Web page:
Print subscribers please click here to create your digital access account
Five years of brainstorming and four months of serious planning will culminate this Saturday in a watershed festival at Courtney-Ryley-Cooper Park in Idaho Springs. The festival will be hosted by the …
This item is available in full to subscribers.
If you're a print subscriber, but do not yet have an online account, click here to create one.
Click here to see your options for becoming a subscriber.
If you made a voluntary contribution in 2022-2023 of $50 or more, but do not yet have an online account, click here to create one at no additional charge. VIP Digital Access includes access to all websites and online content.
Five years of brainstorming and four months of serious planning will culminate this Saturday in a watershed festival at Courtney-Ryley-Cooper Park in Idaho Springs.
The festival will be hosted by the Clear Creek Watershed Foundation, which dedicates itself to improving the ecological, recreational and economic conditions in the Clear Creek Watershed.
The Clear Creek Watershed Festival will start at 10 a.m.
Watershed foundation outreach coordinator Chris Crouse said the event is the “ultimate” outreach and education opportunity.
“We really want people to have a better understanding and appreciation for what a watershed is and (about) this particular watershed,” Crouse said.
She said the event will feature more than 20 environmental information booths, and each booth will have activities, demonstrations and giveaways. Trout Unlimited will demonstrate fishing and fly-tying.
“It is going to be just an all-around great day. We have so many watershed stakeholders who are participating,” Crouse said. “… We want people to leave this festival knowing what a watershed is and what makes the Clear Creek Watershed so special.”
Representatives from the Henderson Mine, the Environmental Protection Agency and renewable-energy companies will have booths at the festival.
Crouse said there will also be prizes and food — but with a catch.
“When we say ‘free,’ we mean no charge, but you have to earn them. We don’t want people to just come in and grab some free stuff and leave,” Crouse said. “We really want people to take some time to go around to check out the booths, talk to the people.”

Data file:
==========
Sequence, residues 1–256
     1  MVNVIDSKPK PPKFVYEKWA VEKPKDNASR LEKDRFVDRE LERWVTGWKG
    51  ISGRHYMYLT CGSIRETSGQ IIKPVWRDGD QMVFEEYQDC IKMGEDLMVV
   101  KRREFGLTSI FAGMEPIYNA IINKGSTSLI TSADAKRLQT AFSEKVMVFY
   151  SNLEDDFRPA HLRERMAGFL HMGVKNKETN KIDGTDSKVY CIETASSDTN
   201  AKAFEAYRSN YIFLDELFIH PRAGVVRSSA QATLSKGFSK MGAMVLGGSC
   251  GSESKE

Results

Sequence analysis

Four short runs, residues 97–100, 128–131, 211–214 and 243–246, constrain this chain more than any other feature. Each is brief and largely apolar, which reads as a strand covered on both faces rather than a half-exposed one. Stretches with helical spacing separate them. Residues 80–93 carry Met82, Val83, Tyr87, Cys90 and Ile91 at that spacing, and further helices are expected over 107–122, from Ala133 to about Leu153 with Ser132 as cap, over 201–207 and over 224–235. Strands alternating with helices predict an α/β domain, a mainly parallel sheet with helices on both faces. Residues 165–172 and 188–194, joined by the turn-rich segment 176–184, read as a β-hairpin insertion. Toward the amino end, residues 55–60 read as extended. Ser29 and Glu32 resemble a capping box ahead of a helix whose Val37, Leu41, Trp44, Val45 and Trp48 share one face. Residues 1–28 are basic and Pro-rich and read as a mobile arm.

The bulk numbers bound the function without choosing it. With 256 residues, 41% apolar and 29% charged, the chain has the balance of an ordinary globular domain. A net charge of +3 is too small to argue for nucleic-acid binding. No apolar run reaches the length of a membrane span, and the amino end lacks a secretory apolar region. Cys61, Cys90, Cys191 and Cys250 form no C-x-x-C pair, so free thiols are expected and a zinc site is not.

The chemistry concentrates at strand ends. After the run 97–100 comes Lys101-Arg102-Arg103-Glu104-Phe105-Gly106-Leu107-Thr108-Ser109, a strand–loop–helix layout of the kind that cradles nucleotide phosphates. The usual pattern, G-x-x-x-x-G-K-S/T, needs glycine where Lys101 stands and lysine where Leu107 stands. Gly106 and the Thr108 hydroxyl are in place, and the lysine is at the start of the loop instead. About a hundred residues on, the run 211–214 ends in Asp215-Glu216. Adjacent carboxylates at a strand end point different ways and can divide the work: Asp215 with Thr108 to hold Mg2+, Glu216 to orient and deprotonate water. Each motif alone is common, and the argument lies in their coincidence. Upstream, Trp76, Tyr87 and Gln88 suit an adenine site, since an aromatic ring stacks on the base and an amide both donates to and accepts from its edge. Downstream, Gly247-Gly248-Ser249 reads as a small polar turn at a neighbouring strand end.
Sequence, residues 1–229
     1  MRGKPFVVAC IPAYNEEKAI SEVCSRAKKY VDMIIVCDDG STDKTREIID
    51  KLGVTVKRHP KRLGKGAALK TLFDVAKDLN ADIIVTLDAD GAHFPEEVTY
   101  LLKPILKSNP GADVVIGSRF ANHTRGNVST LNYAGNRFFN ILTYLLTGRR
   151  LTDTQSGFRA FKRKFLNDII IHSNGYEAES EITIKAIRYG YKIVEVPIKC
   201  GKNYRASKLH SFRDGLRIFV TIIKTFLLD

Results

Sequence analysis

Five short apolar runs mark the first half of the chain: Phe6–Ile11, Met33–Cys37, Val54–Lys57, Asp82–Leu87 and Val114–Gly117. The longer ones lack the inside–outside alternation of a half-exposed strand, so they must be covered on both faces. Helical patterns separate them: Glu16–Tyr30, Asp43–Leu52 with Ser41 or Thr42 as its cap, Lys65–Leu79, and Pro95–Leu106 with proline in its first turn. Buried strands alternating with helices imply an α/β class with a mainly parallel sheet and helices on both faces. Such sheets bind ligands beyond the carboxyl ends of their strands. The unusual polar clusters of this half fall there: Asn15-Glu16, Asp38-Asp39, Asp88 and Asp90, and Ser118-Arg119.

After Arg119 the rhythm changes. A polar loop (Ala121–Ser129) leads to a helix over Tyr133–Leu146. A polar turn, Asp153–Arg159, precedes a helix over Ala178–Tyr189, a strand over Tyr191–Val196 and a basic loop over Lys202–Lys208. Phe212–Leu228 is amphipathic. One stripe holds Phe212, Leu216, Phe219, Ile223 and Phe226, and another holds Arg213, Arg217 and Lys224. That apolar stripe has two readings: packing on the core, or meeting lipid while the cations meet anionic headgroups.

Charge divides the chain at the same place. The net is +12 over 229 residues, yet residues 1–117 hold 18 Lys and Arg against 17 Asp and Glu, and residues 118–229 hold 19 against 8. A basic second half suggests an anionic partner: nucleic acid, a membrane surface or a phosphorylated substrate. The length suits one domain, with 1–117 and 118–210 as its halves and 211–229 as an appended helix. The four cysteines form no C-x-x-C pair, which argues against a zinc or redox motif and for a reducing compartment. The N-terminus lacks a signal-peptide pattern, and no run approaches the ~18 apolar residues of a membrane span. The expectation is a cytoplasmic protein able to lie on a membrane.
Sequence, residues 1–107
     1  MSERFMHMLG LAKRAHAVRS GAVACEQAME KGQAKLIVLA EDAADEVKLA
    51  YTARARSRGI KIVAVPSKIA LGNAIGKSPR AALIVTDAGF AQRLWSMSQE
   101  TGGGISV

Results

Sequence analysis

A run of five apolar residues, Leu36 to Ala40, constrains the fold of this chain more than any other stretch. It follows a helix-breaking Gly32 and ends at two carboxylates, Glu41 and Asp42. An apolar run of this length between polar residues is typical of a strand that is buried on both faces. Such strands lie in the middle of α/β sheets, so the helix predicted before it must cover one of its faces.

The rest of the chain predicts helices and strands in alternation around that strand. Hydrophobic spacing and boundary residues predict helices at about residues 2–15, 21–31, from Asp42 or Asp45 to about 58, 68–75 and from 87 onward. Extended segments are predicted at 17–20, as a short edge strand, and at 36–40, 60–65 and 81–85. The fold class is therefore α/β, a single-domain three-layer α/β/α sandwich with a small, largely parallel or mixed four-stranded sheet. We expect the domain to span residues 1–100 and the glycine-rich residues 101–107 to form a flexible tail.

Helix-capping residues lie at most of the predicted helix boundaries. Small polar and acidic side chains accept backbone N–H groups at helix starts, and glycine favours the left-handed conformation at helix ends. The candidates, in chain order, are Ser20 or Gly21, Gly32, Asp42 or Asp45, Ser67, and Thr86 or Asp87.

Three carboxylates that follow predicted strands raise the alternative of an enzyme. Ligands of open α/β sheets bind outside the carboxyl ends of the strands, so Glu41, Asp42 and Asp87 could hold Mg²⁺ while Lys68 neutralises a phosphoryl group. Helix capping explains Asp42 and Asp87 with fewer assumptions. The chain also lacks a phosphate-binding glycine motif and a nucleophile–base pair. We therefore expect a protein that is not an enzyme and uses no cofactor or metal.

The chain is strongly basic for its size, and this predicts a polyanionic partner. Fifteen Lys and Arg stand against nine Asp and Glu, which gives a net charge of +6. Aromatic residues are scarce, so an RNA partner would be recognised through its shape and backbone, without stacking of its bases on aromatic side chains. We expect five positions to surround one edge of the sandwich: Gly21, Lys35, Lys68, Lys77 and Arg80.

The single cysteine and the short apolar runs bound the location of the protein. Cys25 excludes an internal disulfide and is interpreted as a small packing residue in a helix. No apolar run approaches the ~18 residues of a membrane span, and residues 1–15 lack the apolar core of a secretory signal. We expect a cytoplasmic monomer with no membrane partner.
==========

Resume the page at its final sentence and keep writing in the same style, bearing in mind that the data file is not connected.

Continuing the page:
So drawing on her teaching and parenting background, she came up with a plan to educate the public.
Festival attendees will receive a “passport,” and with each event or booth they attend, they will get a passport stamp. With enough stamps, festival-goers will earn “free” prizes and food.
“They come back to (the Clear Creek Watershed Foundation) booth …, and we’re going to check it out. We’re going to see if they’ve done a good job of trying to learn about the watershed,” Crouse said.
She said the watershed stakeholders are aiming to help people appreciate and understand the area.
“We want people to know about all the fantastic natural resources, recreational opportunities, land-use opportunities (and) sustainable living options … that are out there,” Crouse said. “We really want to keep the dialogues going about what makes this place so special.
“This is a very unique geographic area. We have a lot of fantastic landmarks, businesses, history and people here, and we just want to give everyone the opportunity to tell their story,” Crouse said. “… We want everyone who attends to just think, ‘Wow, there’s a lot going on here, and we really need to think about how we’re going to maintain the sustainability of this watershed.’ “
For information about the festival, visit www.clearcreekwater
Contact Ian Neligh at email@example.com, and check www.clearcreekcourant.com for updates and breaking news.
Other items that may interest you
We have noticed you are using an ad blocking plugin in your browser.
The revenue we receive from our advertisers helps make this site possible. We request you whitelist our site.